On the road, the new ID.3 was just a joy to drive. Step inside the key-less doors and you will find the stop/start switch where you normally insert the key. However, the new ID.3 is so clever that it seems you don't even have to press the button to spark the electric motor - as long as the key is in your possession you put the selector into drive mode and off you go.

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Range: VW claim the ID.3 stores up to 77 kwh of energy and can travel 520 km. Photo: Paddy  McGrath

Range: VW claim the ID.3 stores up to 77 kwh of energy and can travel 520 km. Photo: Paddy McGrath

Range: VW claim the ID.3 stores up to 77 kwh of energy and can travel 520 km. Photo: Paddy McGrath

Equipped with 310Nm of torque and 204bhp the new ID.3 is no slouch from the off and can accelerate up to motorway speeds faster than most small petrol or diesel cars. It feels really smooth around town and had many onlookers wondering what I was driving during my four-day test drive. It seems though the new ID.3 is an instant success as I have already seen three of them driving around Dublin this week, including one being driven by an OAP who was doing her bit for the environment.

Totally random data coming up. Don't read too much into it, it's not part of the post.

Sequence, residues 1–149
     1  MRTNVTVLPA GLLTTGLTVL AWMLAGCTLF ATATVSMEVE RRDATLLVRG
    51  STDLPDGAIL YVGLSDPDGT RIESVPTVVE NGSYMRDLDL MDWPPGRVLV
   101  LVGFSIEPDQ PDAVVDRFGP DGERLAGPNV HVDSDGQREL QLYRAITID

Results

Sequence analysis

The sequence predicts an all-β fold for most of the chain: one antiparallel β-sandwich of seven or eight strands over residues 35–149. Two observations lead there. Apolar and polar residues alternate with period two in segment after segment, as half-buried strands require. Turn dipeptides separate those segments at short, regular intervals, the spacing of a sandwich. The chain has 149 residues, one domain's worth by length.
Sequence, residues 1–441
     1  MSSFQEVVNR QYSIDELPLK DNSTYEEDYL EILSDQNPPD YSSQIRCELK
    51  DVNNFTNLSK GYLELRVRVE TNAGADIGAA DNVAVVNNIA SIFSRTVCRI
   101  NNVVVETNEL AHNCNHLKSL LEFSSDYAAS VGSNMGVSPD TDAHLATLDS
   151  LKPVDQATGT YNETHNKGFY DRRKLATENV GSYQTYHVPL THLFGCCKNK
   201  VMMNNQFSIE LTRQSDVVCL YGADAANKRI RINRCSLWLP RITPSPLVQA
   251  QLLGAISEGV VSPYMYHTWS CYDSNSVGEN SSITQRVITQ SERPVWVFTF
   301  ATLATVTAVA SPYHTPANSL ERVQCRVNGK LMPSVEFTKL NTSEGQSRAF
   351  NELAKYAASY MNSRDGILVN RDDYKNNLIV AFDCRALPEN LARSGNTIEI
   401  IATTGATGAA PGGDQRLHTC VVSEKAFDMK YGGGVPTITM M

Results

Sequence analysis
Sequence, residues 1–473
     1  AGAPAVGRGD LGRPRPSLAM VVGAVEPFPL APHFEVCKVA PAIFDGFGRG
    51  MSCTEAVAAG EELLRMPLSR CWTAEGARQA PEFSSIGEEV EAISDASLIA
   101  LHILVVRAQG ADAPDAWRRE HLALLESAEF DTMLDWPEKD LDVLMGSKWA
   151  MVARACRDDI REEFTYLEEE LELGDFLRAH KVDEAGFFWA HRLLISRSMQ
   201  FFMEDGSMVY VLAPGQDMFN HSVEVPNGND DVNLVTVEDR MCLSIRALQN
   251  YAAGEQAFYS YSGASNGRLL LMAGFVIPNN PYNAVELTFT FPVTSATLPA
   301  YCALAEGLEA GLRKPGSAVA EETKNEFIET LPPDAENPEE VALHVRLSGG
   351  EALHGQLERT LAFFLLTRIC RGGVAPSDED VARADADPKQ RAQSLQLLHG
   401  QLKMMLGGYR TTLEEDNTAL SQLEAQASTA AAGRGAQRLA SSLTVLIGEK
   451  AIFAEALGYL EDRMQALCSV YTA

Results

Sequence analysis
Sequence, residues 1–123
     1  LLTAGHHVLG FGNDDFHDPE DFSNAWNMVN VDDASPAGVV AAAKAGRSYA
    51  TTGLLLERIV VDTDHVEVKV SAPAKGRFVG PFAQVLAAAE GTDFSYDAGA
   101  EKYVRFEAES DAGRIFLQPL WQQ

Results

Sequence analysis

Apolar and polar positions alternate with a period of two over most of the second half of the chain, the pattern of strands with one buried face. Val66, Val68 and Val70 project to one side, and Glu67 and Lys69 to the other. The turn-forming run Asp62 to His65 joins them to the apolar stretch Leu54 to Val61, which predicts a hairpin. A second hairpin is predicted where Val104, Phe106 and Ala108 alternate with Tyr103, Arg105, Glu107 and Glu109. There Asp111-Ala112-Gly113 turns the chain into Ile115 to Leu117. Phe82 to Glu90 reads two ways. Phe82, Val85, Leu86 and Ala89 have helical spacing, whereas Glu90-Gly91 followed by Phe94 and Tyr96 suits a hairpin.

Prices for the new ID.3 start at €33,715 for the entry-level model and is only available in 1st Edition' guise.

My test model was the ID.3 1st Plus edition which adds on a few extras like 19-inch wheels, power-folding door mirrors, tinted rear windows, upgraded exterior lighting and rear-view camera and pushes the price up to €40,570, while the range-topping ID.3 Max with all the bells and whistles costs €47,410.

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Clever design: The ID.3 instrumentation screen gives all vital info. Photo: Paddy  McGrath

Clever design: The ID.3 instrumentation screen gives all vital info. Photo: Paddy McGrath

Clever design: The ID.3 instrumentation screen gives all vital info. Photo: Paddy McGrath

Meanwhile, this week, Volkswagen announced the arrival of the second model in the ID range - the ID.4. This is Volkswagen's first fully electrically driven SUV generating zero local emissions and is produced with a carbon-neutral balance. It will be launching into the world's largest market segment, the compact SUV class.

Volkswagen claim that the ID.4 is an all-round talent that can be driven in a sporty, yet also easy and comfortable way. The battery stores up to 77 kWh of energy and enables claimed ranges of up to 520 km.

The battery is installed below the passenger compartment which they say guarantees a low centre of gravity. The electric drive motor, positioned at the rear axle, generates 150 kW (204bhp) - enough to accelerate from 0 to 100 km/h in 8.5 seconds and deliver a top speed of 160 km/h.

The new ID.4 will be on sale in Ireland from next January and pricing starts from €42,995 AFTER €10,000 grants for Irish buyers.

Volkswagen Ireland expect to sell 1,700 units of the new model next year and there will also be a model coming in May 2021 that has a 58kWh batter (range circa 340km) and the price for this model after grants will be less than €35,000.